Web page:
If walls had ears, the ones at Scawsby Hall would certainly have a few tales to tell.
The 17th century, Grade II listed home, set in beautiful grounds at Old Scawsby, is on the open market for the first time since 1925.
And whoever buys it will not only be the proud owners of its bricks and mortar – they will also be the main characters in a new chapter of this historical building’s fascinating story.
It has taken the current owners, Elaine and James Burke, two years to pluck up the courage to put their beloved home up for sale.
“Our heart says no but our head says yes,” says Elaine.
“We love it here and we don’t want to move – but we’re not getting any younger and its upkeep can be hard work.”
Elaine and James bought Scawsby Hall from its previous owners privately in 1996. Between 1998 and 2000, they poured their hearts and souls into an extreme restoration project which transformed it from a dilapidated, former farmhouse into a pristine home full of character and unique features.
“It wanted everything doing to it, from start to finish,” James explained.
“We have done everything. We stripped every room.
“It was run-down and it had a hole in the roof but we started from scratch and did it all as a total, complete refurbishment.”
As Scawsby Hall is Grade II listed, the retired couple was given a helping hand by experts from English Heritage to make sure all of its special features – of which there are many - were preserved and given a new lease of life.
From the meat hooks hanging in the kitchen and the original shutters adorning many of the windows, to the exposed wooden beams in the attic which were once part of a ship and the intricate embellishments on the original bookshelving – every nook and cranny of this breathtaking property tells a story.
It is also full of surprises: during the refurbishment, workmen uncovered no less than ten spectacular, stone-bordered fireplaces hidden behind layers of plasterboard, and countless ‘prayer holes’ - a small, curved hole in some of the walls which were used as a space to light a candle and worship.
They also found the original flagstones under the modern flooring in the kitchen, and Victorian tiling in the hallway.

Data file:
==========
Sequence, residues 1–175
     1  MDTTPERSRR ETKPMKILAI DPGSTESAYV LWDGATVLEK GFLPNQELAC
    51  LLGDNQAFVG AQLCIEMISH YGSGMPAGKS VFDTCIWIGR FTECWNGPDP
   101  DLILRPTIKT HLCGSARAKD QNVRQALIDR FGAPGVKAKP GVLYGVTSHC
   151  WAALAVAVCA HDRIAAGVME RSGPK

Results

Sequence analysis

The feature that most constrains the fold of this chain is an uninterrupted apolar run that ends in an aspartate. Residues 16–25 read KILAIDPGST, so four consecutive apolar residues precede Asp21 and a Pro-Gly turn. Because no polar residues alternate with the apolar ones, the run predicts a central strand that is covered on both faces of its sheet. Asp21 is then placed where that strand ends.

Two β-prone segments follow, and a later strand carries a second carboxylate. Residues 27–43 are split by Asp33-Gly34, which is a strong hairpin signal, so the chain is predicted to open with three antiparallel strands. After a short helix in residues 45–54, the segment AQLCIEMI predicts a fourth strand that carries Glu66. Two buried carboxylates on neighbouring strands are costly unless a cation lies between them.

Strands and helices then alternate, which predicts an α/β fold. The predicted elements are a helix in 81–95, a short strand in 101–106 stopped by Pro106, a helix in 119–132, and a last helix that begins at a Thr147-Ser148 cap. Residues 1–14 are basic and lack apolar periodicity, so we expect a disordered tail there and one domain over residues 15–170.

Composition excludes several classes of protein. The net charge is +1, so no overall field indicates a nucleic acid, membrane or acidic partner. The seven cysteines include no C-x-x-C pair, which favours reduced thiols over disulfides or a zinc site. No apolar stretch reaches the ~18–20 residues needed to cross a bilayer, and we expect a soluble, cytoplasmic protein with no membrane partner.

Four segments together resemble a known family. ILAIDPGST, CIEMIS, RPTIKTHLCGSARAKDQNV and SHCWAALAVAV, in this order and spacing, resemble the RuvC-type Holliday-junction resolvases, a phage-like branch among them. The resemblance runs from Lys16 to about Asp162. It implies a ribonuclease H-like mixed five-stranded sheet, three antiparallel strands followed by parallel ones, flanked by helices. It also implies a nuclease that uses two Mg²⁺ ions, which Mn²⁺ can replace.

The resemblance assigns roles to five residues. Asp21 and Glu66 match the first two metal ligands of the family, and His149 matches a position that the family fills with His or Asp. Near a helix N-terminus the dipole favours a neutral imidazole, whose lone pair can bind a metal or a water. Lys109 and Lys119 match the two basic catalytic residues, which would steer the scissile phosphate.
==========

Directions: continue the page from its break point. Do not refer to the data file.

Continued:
Perhaps the most exciting discovery was a low-ceilinged secret room that had been boarded up many years before.
At first the workmen thought it was another fireplace, but they soon realised the size of their discovery as they tore back the wall coverings.
“James now uses it as an office but when we used to have parties we had a snooker table in here,” says Elaine.
“It would also make a family room or a cinema room.”
Boasting six double bedrooms, five ground floor reception rooms and four luxury bathrooms, it is easy for your imagination to go into overdrive and dream of its households from centuries gone by.
In the time of Henry VIII, legend has it that some of the leaders of the Catholic church took shelter in Scawsby Hall as the King sought to rid England of Catholicism in favour of his Church of England.
An army of 30,000 marched from the East Riding of Yorkshire to Doncaster to hold talks with the Duke of Norfolk, who had been sent by the King to deal with the troubles.
Apparently, Doncaster was flooded and, as Scawsby is the highest point in the town, the troops made camp in the surrounding fields while the leaders took shelter in Scawsby Hall, which at that time was a farmhouse.
With such a compelling history, it was only right for the Burkes to restore their home in a suitable manner.
“If you like modern, you won’t like this house,” jokes Elaine.
“I have collected antiques for years and we did it in a style that complemented the house.”
Authentic pieces of antique furniture picked up at auctions fill the grand yet homely reception rooms. Sanitan bathroom suites – the ‘Rolls Royce’ of bathroom suites – fit in perfectly in the majestic bathrooms. And four poster beds, complemented by exquisite matching hangings and drapes, are the feature pieces in many of the sizeable bedrooms.
The Burkes put just as much effort into furnishing the house as they did into refurbishing it: James has re-upholstered many of the pieces of antique furniture himself, and Elaine made many of the stunning curtain sets.
All that is missing now is a new owner to begin the next chapter in the story of this property – undoubtedly one of the finest to be presented to the Doncaster market in many years.
Scawsby Hall, Barnsley Road, Old Scawsby is on the market for £999,950 with agents Hall Gate Estates of Hall Gate, Doncaster.